New legislation proposed in California puts employers on notice that they may have to treat workers as employees rather than independent contractors. What this means in practical terms is that employers would have to offer employees benefits such as workers' compensation coverage, unemployment compensation, and other employee benefits. The bill pending in California would give companies like those operating rideshares (Lyft and Uber) or food delivery business (Door Dash) legal requirements for establishing whether a worker is an employee. New York's Governor has indicated legislators there will have to look at that same definition of employee versus independent contractor.
Working takes up a lot of our time
While this may seem like a straightforward question, the answer actually depends on a number of factors. It's miserable to have back pain, there's no doubt about that. But in order to receive workers' compensation you have to prove that your pain stems from work not from natural causes such as getting older.
Our spines play an incredibly critical role in the human body; it links the brain to the rest of the nervous system, sends vital signals to different organs and acts as the structure for most of our physical bodies. Without a functioning spine, we end up with severe health issues.
Workers' compensation attorneys look at the news through our own lenses. When I see the continual news and debate about the recent Foxconn deal, which is supposed to bring thousands of new jobs to Wisconsin, I think about various types of workplace settings. At present, it's not clear whether the potential Foxconn jobs will be in manufacturing, research and development, or anything else. From my "work comp" viewpoint, I simply know that accidents can happen in any type of work environment-especially from someone's job duties over a period of time.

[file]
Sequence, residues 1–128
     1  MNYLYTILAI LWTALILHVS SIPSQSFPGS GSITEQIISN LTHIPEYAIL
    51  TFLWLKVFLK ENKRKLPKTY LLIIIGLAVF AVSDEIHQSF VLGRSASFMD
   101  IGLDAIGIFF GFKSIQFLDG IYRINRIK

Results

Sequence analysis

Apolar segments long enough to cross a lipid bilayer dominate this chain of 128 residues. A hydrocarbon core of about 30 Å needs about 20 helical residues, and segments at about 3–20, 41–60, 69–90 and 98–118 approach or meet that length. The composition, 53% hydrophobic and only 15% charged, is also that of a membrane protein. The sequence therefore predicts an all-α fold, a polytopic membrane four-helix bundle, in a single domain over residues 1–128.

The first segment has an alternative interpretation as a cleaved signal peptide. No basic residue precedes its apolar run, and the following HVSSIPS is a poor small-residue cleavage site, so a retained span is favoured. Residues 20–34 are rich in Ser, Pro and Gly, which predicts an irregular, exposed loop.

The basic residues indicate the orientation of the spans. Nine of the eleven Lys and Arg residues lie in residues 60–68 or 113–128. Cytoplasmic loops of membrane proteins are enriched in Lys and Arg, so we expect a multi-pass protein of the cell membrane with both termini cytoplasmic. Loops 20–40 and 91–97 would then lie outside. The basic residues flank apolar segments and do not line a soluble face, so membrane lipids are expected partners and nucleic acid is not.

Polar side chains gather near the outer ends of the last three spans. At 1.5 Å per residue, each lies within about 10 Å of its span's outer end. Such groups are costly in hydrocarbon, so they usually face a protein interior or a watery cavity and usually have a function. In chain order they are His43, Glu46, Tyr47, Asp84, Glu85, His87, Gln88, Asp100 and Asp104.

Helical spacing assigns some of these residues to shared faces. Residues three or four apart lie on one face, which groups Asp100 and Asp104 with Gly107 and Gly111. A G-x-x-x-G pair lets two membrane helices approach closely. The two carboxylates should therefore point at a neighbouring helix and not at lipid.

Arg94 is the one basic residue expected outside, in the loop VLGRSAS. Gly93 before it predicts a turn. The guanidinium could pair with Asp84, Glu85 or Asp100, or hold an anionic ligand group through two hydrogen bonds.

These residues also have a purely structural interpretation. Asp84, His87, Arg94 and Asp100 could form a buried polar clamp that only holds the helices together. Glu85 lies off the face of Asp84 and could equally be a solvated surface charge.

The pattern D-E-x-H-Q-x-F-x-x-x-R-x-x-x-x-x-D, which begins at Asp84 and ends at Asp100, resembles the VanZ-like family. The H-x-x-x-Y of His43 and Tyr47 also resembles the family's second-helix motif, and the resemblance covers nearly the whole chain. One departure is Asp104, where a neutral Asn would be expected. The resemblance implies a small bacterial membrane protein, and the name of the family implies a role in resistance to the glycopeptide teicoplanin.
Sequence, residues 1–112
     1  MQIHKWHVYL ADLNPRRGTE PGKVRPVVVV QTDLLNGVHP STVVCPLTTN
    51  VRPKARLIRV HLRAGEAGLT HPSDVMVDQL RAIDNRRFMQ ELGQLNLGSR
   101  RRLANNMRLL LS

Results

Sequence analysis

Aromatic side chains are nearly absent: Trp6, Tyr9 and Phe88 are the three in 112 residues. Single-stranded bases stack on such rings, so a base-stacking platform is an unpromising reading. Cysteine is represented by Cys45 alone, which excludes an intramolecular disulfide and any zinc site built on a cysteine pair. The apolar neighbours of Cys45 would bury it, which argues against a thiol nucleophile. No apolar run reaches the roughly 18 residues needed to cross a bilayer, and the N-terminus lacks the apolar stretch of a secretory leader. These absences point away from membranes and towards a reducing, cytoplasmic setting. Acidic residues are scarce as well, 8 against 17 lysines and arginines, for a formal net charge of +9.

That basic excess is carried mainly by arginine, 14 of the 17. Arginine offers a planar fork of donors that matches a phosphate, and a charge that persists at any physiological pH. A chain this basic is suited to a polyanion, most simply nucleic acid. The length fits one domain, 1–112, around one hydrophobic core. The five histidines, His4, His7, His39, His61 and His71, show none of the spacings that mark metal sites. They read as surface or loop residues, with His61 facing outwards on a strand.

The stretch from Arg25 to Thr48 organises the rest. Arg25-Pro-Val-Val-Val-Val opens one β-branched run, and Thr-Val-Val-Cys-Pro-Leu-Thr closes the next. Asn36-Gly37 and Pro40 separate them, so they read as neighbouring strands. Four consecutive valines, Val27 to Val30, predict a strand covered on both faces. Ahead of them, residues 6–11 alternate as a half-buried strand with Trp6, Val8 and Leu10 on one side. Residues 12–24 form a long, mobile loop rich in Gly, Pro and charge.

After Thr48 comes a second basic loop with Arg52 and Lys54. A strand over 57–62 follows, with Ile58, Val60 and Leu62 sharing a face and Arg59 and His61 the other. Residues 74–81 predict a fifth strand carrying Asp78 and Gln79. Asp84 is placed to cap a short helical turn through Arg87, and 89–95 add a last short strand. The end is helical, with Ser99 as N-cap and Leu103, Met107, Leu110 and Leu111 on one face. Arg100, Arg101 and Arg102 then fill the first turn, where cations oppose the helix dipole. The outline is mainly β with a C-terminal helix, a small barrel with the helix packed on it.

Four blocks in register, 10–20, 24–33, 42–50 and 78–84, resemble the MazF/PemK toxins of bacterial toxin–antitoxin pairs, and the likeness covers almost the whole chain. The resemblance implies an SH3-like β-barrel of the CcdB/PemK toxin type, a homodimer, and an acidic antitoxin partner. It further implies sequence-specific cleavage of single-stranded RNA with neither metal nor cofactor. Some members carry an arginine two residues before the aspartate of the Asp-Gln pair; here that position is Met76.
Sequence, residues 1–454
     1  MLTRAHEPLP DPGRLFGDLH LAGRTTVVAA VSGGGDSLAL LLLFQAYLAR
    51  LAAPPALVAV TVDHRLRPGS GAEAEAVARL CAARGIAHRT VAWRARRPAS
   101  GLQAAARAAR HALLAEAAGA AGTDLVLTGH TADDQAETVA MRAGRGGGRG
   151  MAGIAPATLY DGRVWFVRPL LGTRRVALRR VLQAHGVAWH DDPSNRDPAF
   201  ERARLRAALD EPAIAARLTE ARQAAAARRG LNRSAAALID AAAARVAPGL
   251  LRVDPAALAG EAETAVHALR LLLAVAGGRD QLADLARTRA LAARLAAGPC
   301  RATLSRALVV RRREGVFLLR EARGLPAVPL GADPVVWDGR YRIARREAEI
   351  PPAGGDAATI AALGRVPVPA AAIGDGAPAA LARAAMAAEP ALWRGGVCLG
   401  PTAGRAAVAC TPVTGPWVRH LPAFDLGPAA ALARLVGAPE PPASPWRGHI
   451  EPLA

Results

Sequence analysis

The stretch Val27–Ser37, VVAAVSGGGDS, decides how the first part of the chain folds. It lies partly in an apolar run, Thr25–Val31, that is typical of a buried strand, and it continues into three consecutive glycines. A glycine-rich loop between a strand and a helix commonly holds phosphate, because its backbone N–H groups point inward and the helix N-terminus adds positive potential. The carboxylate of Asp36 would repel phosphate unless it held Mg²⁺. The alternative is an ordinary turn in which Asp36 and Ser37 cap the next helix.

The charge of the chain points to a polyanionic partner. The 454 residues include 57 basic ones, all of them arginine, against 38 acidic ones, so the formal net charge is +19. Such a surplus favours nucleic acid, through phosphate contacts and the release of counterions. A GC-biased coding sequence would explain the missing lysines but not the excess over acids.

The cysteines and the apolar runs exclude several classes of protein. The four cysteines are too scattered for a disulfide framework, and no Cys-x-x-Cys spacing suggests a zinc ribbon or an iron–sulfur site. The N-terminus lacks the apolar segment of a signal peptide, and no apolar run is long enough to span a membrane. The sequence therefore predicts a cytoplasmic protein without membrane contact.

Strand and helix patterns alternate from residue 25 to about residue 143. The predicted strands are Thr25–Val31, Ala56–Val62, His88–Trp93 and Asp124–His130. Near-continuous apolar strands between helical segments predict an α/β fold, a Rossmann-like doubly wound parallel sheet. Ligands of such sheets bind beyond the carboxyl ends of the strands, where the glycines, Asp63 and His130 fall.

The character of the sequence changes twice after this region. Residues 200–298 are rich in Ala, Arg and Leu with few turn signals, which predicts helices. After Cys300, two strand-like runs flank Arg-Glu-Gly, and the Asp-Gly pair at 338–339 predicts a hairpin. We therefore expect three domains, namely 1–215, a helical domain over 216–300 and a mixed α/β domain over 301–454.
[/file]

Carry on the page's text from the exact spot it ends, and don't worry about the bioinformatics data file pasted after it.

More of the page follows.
Are some injuries not submitted to work comp?: Those of us dealing daily with injured workers have long suspected that many work injuries go unreported for a variety of reasons. Workers with access to health care insurance with a low deductible may choose to file with group health instead of workers' compensation. Workers with other wage replacement benefits (such as short-term disability) may also choose not to file for workers' compensation. Employer intimidation through both overt and covert suggestions or directives not to file for workers' compensation also applies. The stigma and the loss of bonuses or overtime pay is another contributing factor to non-filing for workers' compensation..
Nurses have one of the highest rates of musculoskeletal disorders in any field in the U.S. Everyday tasks can endanger the health of your spine. Awkward twisting, lifting and manually repositioning patients can lead to serious damage over time. Traumatic injuries can happen in a split second. Supposedly stable patients can stumble. Heavier patients can fall on medical professionals of smaller stature. Short-staffing can put pressure on a single nurse. Emergency situations can place someone in a physically difficulty position.
Wisconsin's workers' compensation laws can be difficult to understand. If you've been hurt in the course of employment, however, confusion about the benefits you're entitled to receive can only serve to aggravate your injury. With that in mind, here are answers to five of the most commonly asked questions following an on-the-job injury in Wisconsin.
You may already be aware that workers' compensation covers most injuries and certain health conditions you sustain on the job. However, you might find yourself wondering if cardiac disease and strokes qualify.
For certain individuals who are unable to work, there is assistance available. If you are eligible for workers' compensation benefits, you may also be able to receive Social Security Disability Insurance (SSDI).